Sometimes we have nutso ideas for little projects. Once we decided to have a meal featuring the cuisine of whatever country the Formula One race was in that week. For some reason that one never got off the ground.

Another time we decided to see all the films that a certain actor or actress was in. Since we had just seen Attack of the Clones and Black Hawk Down, we decided that Ewan McGregor would be a prime target - we were already two movies up without even trying.

It's a harder thing to do than you might imagine, though. Ewan McGregor has made an awful lot of movies. I think we saw 17 of them before we gave up on that project too. (But if you ever see that The Pillow Book or Killing Priscilla will be showing on one of the movie channels, let me know.)


Edited to add: All the celebrity talk reminded me of this hilarious post I read the other day: Jennifer Aniston Is Controlling My Brain. Actually the whole blog is great. Beautiful writing.

Tuesday, June 28, 2005

More from Sunday stroll

The two types of native hydrangeas were growing side by side.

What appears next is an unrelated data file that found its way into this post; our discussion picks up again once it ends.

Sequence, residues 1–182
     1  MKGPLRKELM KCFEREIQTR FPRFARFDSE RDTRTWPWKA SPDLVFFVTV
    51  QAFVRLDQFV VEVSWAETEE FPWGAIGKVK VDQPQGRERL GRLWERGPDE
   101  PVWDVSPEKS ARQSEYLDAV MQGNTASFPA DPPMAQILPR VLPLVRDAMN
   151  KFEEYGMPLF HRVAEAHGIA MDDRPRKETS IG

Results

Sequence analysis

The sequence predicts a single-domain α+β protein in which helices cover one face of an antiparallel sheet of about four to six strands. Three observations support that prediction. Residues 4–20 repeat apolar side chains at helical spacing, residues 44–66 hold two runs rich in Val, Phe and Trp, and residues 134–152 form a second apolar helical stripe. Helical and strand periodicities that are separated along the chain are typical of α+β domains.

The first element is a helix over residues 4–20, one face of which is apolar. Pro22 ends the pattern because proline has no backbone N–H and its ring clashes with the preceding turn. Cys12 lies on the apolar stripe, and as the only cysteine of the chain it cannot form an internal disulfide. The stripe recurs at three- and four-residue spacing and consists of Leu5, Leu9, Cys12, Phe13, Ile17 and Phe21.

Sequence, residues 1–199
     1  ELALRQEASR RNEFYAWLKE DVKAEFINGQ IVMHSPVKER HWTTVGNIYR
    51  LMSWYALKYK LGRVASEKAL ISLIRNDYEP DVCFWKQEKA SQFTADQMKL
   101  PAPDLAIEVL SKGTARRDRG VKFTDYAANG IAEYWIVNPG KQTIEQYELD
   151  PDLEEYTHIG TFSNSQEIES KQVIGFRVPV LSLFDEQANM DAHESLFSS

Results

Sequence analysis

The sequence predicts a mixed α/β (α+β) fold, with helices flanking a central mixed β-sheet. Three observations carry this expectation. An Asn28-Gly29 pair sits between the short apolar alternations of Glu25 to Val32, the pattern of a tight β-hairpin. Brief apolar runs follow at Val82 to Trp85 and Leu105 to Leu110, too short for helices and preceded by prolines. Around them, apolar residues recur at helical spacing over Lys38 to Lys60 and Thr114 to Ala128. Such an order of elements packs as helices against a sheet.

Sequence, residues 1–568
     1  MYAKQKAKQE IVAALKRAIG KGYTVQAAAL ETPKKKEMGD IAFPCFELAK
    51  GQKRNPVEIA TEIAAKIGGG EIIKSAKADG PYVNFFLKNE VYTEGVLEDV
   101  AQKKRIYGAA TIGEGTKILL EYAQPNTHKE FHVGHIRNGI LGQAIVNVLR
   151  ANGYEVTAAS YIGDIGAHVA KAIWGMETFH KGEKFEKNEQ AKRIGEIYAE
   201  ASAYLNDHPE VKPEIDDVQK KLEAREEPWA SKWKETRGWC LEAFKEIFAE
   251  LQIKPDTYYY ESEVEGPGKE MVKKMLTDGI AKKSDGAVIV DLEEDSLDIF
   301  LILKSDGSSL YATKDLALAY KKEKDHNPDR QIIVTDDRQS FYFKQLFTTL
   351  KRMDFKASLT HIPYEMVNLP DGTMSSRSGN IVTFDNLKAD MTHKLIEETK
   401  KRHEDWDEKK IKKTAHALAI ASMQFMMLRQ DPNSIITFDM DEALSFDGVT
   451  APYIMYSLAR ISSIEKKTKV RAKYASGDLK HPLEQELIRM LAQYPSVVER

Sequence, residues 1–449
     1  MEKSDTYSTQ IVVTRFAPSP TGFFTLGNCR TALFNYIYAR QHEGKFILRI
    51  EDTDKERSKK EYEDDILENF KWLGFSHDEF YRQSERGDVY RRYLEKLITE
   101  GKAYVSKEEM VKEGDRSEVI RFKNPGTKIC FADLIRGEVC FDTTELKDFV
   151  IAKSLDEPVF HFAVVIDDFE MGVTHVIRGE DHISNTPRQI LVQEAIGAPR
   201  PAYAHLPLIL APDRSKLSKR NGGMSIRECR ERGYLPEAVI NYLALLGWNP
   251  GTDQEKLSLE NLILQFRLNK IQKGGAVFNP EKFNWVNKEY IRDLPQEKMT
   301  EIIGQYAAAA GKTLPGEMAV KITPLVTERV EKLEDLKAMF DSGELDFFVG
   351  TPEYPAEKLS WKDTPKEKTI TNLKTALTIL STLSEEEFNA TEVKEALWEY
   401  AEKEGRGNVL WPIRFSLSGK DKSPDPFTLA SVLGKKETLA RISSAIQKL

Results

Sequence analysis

Oakleaf hyrangea (Hydrangea quercifolia)

Smooth hydrangea (Hydrangea arborescens), with Flower long-horn beetles (Typocerus velutina)

Every Smooth hydrangea I saw a had pair of those doing that.

Black-Eyed Susans (Rudbeckia hirta) are the favorite flower of my sister-in-law, who was kind enough to wait with me while the guys disappeared into the distance up ahead. (As I mentioned yesterday, they don't understand that you can't take pictures while walking.)

My sharp-eyed nephew, on leave from the Army, spotted this damselfly. It looks a bit like a female Powdered Dancer (Argia moesta), but I'm not sure since it's so nondescript. This is the only photo I managed before it scooted away.

While looking up the latin name of Fragrant Sumac (it's Rhus aromatica), I was surprised to find so many references to the stinkiness of the crushed leaves. I find that the young leaves have a very pleasant scent!

Ladies tresses (Spiranthes sp.), a member of the orchid family. Unfortunately these are leaning over after my brother-in-law stepped on them. (I think we need to supervise him more closely on future walks.)

When we got back we spied an Eastern cottontail (Sylvilagus floridanus) in the yard.

I wonder if this is the one who ate my lettuce.

I also got a shot of an Indigo bunting (Passerina cyanea), but not very close, hence the blurry quality.

While trying to figure out which bugs were on the hydrangeas, I came across this very helpful page: Insect Visitors of Illinois Wildflowers. A great way to jump-start bug identifications, even if you don't live in Illinois.